Financial and Non-Financial Incentives: Incentive means all measures which are used to motivate people to improve performance.
Financial Incentives (which can be calculated in terms of money)
1. Pay and allowances: Salary is the basic monetary incentive. It includes basic pay, dearness allowance and other allowances.
2. Productivity linked wage incentives: Aims at linking payment of wages to increase in productivity.
3. Bonus: An incentive offered over and above the wages/salary.
4. Profit sharing: It means to provide a share to employees in the profits. It creates a feeling of ownership to employees.
5. Co-partnership/Stock option: employees are offered company’s share at a price which is lower than market price.
6. Retirement benefits: Such as provident fund, pension and gratuity etc.
Non-Financial Incentives (which cannot be calculated in terms of money)
1. Status: Status means ranking of positions in the organisation. Psychological, social and esteem needs of an individual are satisfied by the status given to their job.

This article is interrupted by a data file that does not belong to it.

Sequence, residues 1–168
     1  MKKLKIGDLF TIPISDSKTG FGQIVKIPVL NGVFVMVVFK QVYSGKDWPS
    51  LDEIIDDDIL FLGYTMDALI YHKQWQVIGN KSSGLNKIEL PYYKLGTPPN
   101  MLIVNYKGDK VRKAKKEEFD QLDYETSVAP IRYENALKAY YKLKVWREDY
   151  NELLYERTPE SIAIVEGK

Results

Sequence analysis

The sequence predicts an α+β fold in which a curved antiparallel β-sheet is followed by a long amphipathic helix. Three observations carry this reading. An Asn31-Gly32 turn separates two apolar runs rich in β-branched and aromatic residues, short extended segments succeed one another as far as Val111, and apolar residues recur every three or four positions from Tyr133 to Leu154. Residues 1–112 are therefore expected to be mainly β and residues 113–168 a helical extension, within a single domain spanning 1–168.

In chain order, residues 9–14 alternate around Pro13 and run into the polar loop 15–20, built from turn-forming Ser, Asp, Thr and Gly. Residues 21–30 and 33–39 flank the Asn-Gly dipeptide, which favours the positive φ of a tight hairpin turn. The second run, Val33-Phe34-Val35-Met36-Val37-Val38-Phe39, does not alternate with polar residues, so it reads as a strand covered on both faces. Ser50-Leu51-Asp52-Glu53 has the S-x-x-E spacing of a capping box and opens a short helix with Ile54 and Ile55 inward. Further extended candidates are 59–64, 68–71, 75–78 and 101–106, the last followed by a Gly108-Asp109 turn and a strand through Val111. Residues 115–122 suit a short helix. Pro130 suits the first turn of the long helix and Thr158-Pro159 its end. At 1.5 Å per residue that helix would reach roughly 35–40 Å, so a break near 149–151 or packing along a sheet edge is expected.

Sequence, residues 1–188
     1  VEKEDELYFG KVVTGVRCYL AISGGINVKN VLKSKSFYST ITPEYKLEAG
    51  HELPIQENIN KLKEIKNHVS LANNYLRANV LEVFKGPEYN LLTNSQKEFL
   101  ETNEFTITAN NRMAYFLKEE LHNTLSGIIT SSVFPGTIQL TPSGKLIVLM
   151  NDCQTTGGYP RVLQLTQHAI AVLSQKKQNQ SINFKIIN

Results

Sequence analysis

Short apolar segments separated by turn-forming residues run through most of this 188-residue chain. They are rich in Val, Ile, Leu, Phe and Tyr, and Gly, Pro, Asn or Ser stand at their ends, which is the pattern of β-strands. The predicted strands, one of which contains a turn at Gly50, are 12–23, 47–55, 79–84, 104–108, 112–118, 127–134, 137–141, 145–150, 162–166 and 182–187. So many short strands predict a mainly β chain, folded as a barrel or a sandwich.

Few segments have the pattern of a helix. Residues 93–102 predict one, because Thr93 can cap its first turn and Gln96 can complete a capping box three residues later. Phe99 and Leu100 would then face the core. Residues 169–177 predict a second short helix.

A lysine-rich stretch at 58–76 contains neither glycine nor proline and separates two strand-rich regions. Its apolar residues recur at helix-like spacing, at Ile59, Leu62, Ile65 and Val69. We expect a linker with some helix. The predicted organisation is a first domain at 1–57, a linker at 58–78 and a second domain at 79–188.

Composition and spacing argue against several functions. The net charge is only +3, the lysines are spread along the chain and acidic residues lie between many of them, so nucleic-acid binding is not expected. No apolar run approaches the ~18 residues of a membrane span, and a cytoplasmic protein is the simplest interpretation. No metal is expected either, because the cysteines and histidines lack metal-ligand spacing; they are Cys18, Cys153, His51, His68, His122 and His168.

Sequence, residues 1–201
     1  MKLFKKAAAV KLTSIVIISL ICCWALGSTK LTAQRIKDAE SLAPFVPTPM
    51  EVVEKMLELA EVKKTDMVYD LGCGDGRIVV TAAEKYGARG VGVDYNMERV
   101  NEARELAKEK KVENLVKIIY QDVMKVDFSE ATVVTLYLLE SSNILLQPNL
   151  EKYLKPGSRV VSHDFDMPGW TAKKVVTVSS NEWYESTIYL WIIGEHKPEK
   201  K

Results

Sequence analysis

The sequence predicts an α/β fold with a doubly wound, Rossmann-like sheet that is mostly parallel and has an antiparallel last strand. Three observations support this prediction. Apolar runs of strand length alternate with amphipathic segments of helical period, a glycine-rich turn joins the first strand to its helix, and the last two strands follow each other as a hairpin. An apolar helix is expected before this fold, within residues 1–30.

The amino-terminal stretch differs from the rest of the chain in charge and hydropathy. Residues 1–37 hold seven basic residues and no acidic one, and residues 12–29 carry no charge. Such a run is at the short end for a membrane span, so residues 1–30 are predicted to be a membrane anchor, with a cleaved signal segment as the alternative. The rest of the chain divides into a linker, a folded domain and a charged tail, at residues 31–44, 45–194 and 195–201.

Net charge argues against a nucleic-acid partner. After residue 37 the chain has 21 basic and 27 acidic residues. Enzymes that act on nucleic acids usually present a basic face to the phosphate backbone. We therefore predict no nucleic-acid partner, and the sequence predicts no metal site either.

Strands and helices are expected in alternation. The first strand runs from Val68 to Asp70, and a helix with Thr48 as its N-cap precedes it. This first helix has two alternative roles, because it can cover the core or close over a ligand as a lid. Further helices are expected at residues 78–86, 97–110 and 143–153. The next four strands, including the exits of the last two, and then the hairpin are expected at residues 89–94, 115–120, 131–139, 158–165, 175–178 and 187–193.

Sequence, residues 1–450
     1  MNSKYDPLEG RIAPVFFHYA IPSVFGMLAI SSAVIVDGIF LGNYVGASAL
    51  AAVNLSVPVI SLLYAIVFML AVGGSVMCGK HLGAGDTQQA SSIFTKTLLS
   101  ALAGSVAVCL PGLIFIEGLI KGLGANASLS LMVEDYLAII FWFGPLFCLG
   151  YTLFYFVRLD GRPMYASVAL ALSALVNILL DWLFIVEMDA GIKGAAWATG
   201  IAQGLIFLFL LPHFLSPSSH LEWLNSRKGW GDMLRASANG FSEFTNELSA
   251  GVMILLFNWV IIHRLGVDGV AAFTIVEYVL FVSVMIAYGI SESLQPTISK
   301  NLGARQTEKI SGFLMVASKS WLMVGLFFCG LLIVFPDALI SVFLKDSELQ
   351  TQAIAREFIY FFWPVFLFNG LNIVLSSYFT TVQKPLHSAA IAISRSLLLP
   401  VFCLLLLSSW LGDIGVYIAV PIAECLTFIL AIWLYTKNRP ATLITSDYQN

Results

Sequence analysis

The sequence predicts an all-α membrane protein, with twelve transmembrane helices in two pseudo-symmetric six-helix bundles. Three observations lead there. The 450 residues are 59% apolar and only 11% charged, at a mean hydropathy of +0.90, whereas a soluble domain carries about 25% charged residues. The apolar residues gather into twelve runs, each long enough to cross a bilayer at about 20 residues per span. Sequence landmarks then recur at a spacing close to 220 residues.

2. Organisational climate: Employees can be motivated with favourable atmosphere.
3. Career advancement opportunity: Works as a tonic and encourages employees to exhibit improved performance.
4. Job enrichment: If jobs are enriched and made interesting, the job itself becomes a source of motivation to the employees.
5. Employees recognition programmes: Most employees feel that what they should be recognised by the higher authorities.
6. Job security: Employees want their job to be secured and it is a strong motivator but on the other hand it makes the employees lazy.
7. Employee participation: It means involving employees in the decision making.
8. Employee empowerment: Means giving more autonomy and powers to subordinates.
Leadership: Leadership is the activity of influencing people to strive willingly for mutual objectives. Managers at all levels are expected to be the leaders of their subordinates.
Features of leadership
a) Leadership indicates ability of an individual to influence others.
b) Leadership tries to bring change in the behaviour of others.
c) Leadership indicates interpersonal relations between leaders and followers.
d) Leadership is exercised to achieve common goals of the organistion.
e) Leadership is a continuous process.
Types of leadership
1.Autocratic or Authoritarian Leader